Good Friday: Words from the Cross

The following is a series of devotional messages on each of the seven words Jesus spoke from the cross. They were preached on Good Friday at Christ the King Church.

Luke 23:33-34  When they came to the place called the Skull, there they crucified him, along with the criminals—one on his right, the other on his left.  Jesus said, “Father, forgiven them, for they do not know what they are doing.”

His own friend betrayed him.  His own disciples fled him.  His own people rejected him.  His own government condemned him.  He was mutilated.  He was humiliated.  As the blood from the gaping holes in his hands and feet still dripped fresh to ground, the people drove home extra, emotional daggers.  The Jews mocked him.  The two criminals mocked him.  The Romans mocked him.  The soldiers even stole his clothes and cast lots for ownership.  Could one fathom worse physical pain?  Could one fathom worse emotional pain?

But they didn’t know.  They didn’t know whom they were hurting.  They didn’t know whom they were taunting.  They didn’t know whom they were killing.  This was the Son of God.  But it was not only they who delivered the blows.  They shouted, “Crucify him!”  They held the hammers.  But our sins put him there too.  We share the guilt of hurting and killing the innocent Son of God.

Had we been on that cross our sinful human nature would curse such criminal behavior.  We would cry out for vengeance.  We would berate and belittle with every ounce of strength left.  What else could such a helpless human, an innocent victim, do?  But this was not just a man.  This was also God.  The perfect Son of God continued his perfection even in the utmost hour of torture.  Seeing the sinners before him that put him on that cross, knowing the sinners that would come in the future, he spoke not in rage or spite or vengeance.  He asked for forgiveness—for the Jews, for the Romans, for us.

The first word from the cross.

Luke 23:42-43  Then he said, “Jesus, remember me when you come into your kingdom.”  Jesus answered him, “I tell you the truth, today you will be with me in paradise.”

He must have done something terribly wrong.  Besides the atrocious injustice with Jesus, normally crucifixion was reserved for the worst of the worst criminals.  There must have been repeated robberies of great magnitude for him to be on that cross.  Whatever the crimes, it was deserving of death in the eyes of the Roman government.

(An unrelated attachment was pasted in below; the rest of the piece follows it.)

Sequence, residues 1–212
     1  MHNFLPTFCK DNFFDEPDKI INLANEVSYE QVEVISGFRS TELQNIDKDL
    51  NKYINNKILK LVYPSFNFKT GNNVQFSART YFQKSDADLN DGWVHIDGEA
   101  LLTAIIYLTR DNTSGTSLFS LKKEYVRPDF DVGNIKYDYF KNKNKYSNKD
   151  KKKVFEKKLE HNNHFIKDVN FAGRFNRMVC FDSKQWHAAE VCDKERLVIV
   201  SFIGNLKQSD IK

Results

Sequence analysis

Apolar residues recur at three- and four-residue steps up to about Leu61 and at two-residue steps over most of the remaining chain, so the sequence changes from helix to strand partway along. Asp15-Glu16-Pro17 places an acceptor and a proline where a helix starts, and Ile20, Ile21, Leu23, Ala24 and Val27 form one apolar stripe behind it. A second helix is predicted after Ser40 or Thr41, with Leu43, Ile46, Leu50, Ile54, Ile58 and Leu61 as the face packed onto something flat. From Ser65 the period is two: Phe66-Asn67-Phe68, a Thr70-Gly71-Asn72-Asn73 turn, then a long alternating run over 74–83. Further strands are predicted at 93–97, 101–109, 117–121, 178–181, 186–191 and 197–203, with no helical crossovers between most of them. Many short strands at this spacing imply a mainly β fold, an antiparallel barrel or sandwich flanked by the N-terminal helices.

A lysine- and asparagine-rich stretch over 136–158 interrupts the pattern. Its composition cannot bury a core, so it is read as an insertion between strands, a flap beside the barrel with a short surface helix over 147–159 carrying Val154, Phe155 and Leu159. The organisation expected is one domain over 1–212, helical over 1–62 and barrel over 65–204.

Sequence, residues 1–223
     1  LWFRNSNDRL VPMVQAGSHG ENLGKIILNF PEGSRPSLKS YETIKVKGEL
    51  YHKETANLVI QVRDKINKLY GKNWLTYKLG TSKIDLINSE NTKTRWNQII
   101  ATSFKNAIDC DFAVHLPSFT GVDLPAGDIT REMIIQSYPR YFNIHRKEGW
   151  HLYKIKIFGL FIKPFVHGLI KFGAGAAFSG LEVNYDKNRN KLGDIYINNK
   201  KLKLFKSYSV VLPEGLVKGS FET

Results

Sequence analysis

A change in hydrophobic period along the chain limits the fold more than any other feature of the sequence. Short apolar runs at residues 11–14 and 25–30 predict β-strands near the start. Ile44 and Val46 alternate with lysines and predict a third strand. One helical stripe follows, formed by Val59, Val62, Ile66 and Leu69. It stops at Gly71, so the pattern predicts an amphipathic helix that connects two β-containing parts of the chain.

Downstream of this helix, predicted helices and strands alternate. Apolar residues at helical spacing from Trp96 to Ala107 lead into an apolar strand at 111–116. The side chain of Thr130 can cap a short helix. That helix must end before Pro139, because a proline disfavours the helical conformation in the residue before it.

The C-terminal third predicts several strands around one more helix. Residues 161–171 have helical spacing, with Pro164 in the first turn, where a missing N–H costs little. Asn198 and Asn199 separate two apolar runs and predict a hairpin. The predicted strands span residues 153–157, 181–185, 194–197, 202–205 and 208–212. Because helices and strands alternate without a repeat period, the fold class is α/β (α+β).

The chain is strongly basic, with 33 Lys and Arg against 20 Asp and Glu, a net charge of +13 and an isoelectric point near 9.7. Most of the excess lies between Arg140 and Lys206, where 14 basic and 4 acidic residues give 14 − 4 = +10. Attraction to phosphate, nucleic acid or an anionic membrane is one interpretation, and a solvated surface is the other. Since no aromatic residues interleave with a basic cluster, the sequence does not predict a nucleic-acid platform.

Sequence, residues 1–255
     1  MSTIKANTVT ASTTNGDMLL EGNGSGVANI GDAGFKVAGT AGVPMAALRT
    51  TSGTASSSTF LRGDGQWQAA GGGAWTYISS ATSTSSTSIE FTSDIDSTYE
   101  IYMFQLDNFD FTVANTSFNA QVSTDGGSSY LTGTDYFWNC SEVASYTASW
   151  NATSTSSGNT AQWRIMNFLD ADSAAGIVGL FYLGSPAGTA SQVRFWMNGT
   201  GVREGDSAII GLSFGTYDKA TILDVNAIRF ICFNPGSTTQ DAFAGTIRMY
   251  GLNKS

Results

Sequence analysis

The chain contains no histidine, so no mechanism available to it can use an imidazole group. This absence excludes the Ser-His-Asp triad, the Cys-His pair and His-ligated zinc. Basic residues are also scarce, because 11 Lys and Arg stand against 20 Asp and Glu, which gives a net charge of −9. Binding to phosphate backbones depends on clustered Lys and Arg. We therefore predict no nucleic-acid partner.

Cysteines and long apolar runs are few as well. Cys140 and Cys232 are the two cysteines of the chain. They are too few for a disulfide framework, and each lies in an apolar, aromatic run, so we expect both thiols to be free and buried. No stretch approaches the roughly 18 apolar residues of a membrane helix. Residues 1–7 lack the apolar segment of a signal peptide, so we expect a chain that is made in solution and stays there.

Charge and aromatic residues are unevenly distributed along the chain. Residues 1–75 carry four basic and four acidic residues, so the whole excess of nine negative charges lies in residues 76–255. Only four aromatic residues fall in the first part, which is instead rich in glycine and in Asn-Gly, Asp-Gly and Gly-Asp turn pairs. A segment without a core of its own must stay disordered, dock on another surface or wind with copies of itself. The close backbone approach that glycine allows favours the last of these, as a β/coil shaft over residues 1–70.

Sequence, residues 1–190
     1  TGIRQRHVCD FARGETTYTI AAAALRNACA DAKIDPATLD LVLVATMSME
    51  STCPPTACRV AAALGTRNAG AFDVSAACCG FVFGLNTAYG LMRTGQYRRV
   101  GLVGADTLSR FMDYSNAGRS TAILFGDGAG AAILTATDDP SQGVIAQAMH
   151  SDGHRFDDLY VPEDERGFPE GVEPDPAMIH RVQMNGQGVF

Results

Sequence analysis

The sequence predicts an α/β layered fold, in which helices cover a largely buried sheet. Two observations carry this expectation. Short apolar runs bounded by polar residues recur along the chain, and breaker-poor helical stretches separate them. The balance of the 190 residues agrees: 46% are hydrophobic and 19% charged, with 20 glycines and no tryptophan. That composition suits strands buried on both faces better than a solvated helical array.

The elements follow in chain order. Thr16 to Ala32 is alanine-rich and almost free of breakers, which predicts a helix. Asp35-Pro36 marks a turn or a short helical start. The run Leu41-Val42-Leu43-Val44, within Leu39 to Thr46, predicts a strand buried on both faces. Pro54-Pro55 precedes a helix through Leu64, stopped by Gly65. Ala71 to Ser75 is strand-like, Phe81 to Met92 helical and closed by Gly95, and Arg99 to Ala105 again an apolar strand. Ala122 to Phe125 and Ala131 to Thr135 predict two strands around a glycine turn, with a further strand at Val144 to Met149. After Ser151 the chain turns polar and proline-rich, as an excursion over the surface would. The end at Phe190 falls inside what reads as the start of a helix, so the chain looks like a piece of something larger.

Now, as the weight of his wrongs and the sting of his sins burdened his soul, all he could but do was turn to Jesus.  With a true heart of sorrow and repentance he begged, “Jesus, remember me.”  He doesn’t ask for much—only that Jesus would remember him.

We understand.  Seeing the sinless Savior on the cross, the full weight of our wrongs and sting of our sins strike us heavily.  We know that we are the ones who should be between the criminals.  Thus, we too cry out with true hearts of sorrow and repentance, “Jesus, remember me.”

The gracious love of the Savior goes far beyond remembering.  Through his death on that cross, Jesus forgave.  Through that death, Jesus saved.  Through that death, Jesus opened the doors to eternal paradise—for the criminal, for you, for me.

The second word from the cross.

John 19:25-27  Near the cross of Jesus stood his mother, his mother’s sister, Mary the wife of Clopas, and Mary Magdalene.  When Jesus saw his mother there, and the disciple whom he loved standing nearby, he said to his mother, “Dear woman, here is your son,” and to the disciple, “Here is your mother.”  From that time on, this disciple took her into his home.

Oh the joy that rang from her lips as the pregnant Mary sang her glorious song, the Magnificat:  My soul glorifies the Lord and my spirit rejoices in God my Savior . . . From now on all generations will call me blessed, for the Mighty One has done great things for me—holy is his name.” Some 30-plus years later the once joyous mother-to-be gazes upon her son as he hangs nailed to a cross.  Such pain it would cause any mother!

Yet even Mary needed him there.  Mary was a sinner just as much as you and I.  Mary needed a Savior just as much as you and I.  While her heart hurt deeply, she had stilled treasured up the words of the angel Gabriel to Joseph, You are to give him the name Jesus, because he will save his people from their sins.”

And so he was.  For 30-plus years he had lived a perfect life.  Even in these moments of agony he shows perfect love and care for his mother.  This perfect life was lived for Mary, for us, and for all.  In just a short while he would give up that perfect life for Mary, for us, and for all.  He saved his people—Mary, us, and all—from our sins.  Indeed, this was Jesus.

The third word from the cross.

Matthew 27:46  About the ninth hour Jesus cried out in a loud voice, “Eloi, Eloi, lama sabachtani?”—which means, “My God, my God, why have you forsaken me?”